By Tom Robertson, Executive Director, Vizient Research Institute
Did you ever wonder why nautical speed is measured in knots rather than miles or kilometers per hour? Ancient mariners gauged their speed by tossing into the water a weighted rope with knots tied at regularly spaced intervals, then measuring the length of rope that spilled overboard during a prescribed period. As they retrieved the rope, they counted the knots and recorded their speed accordingly. To accurately measure the lapsed time, sailors used what they called a marine sandglass, a version of what we have come to know as an hourglass. The first hourglass is believed to have been invented by a French monk in the 8th century. Gravity, sand, and the diameter of the glass are all constant, lending a reliable consistency to its measurement of time.
Time is a funny thing. The more of it we have, the less we think about it. It's only when we are almost out of time that we give it our full attention. Time is quickly becoming a scarce commodity in the financing of healthcare and the ability of providers to remain economically afloat.
For the last six decades, healthcare providers have struggled to make ends meet on government payment rates, using higher private sector prices to subsidize the public sector shortfalls. As the gap between private and public sector prices grew, providers became increasingly dependent on the cross-subsidization to cover their costs and generate reasonable operating margins. Until now, this business model has been a widely accepted fixture in American healthcare finance. There are troubling signs, however, that its time is growing short.
Medicare and Medicaid payments rarely cover a hospital's costs. To make up the difference, hospitals must typically generate roughly double their costs on the remaining one-third of their business, the privately insured patients. As baby boomers age out of commercial insurance and into Medicare, these payment differentials become even bigger.
Efforts by hospitals and health systems to secure private sector price increases sufficient to subsidize public sector deficits have in recent years been met with resistance by insurers. The ability of a provider to successfully negotiate private sector prices is directly related to their existing proportion of private sector patients. Today, providers with the best payer mix have more bargaining clout with insurers than providers with a weaker payer mix. As a result, the providers who need private sector subsidies the most are the least capable of negotiating them. Requests for double-digit price increases should be expected to result in impasses at the bargaining table for all but the most powerful providers − those who need the cross-subsidies the least. Bargaining impasses lead to contract terminations by providers, insurers, or both, which in turn create disruption for patients and interrupt longitudinal episodes of care, a highly undesirable outcome.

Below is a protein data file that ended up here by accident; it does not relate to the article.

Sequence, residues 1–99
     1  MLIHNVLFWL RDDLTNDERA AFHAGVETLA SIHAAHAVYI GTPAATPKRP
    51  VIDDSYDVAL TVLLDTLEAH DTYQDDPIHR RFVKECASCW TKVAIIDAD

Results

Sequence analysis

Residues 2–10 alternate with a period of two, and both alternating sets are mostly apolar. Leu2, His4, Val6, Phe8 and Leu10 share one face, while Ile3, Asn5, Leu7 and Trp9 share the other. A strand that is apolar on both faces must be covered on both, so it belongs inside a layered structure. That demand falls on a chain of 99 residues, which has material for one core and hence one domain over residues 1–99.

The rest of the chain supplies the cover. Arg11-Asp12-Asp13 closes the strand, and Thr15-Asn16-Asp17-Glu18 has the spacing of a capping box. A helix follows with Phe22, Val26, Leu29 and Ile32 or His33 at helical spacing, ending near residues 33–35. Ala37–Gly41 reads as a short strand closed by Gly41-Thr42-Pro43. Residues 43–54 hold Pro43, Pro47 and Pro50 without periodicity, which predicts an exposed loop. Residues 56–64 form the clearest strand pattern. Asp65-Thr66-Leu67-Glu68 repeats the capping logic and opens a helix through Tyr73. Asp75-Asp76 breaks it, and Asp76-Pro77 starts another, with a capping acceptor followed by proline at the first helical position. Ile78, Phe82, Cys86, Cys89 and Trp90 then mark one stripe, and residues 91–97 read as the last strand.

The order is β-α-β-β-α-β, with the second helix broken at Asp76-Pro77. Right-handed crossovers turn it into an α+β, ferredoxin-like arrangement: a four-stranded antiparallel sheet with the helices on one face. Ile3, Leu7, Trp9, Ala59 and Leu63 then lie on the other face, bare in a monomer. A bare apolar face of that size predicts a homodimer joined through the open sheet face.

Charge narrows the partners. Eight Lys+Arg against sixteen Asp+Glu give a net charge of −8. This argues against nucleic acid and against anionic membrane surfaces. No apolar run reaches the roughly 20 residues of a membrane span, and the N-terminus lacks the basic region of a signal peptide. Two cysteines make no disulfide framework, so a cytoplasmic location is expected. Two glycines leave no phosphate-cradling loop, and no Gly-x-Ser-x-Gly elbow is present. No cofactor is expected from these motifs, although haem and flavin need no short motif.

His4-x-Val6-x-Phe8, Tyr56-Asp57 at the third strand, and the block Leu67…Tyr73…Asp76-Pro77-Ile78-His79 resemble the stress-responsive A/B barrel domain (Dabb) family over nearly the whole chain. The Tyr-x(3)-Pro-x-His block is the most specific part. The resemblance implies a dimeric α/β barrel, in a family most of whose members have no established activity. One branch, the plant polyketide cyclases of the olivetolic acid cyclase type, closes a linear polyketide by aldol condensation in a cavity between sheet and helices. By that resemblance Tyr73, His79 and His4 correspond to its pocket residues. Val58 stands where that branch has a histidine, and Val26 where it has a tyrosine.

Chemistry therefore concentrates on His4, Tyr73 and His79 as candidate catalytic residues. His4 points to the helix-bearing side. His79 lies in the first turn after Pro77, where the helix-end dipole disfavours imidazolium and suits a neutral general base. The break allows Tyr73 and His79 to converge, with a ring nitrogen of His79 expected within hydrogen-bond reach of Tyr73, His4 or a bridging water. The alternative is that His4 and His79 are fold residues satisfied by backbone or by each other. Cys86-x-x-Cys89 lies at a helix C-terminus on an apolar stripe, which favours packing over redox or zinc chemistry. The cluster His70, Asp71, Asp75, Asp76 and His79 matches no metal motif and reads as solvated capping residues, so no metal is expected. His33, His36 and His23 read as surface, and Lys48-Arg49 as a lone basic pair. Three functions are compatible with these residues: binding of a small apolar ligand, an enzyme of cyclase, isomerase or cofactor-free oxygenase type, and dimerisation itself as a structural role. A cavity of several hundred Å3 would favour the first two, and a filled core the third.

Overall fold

We are fast approaching a time when it will no longer be possible to subsidize government payment rates that cover only a fraction of provider costs by negotiating prices with insurers that amount to multiples of private sector costs. Private sector prices already are resulting in suffocating medical debt for working families. All healthcare spending, for the elderly, for the poor, and for the employed, all come from the same place − wages. The Byzantine cross-subsidies make no sense when the money is ultimately coming from the same place, the productivity of the active workforce. The uneven bargaining power of healthcare providers, where those who need the subsidies most are the least capable of securing them, coupled with the enormous economic burden being shouldered by working households, is like replacing the sand in the hourglass with a finer grain … our remaining time is passing faster.
We've been doing it the same way for six decades, but we may be nearing the end of our rope. There are many fewer grains of sand left in the top of our hourglass than have already fallen to the bottom. We will eventually reach the point where all-payer rate parity and regulated prices replace the cross-subsidies and privately bargained prices that have characterized the last 50 years. The question isn't whether, it's when.
And the sand in the glass is running low.
About the author
As executive director of the Vizient Research Institute, Tom Robertson and his team have conducted strategic research on clinical enterprise challenges for more than 25 years. The groundbreaking work at the Vizient Research Institute drives exceptional member value using a systematic, integrated approach. The investigations quickly uncover practical, tested results that lead to measurable improvement in clinical and economic performance.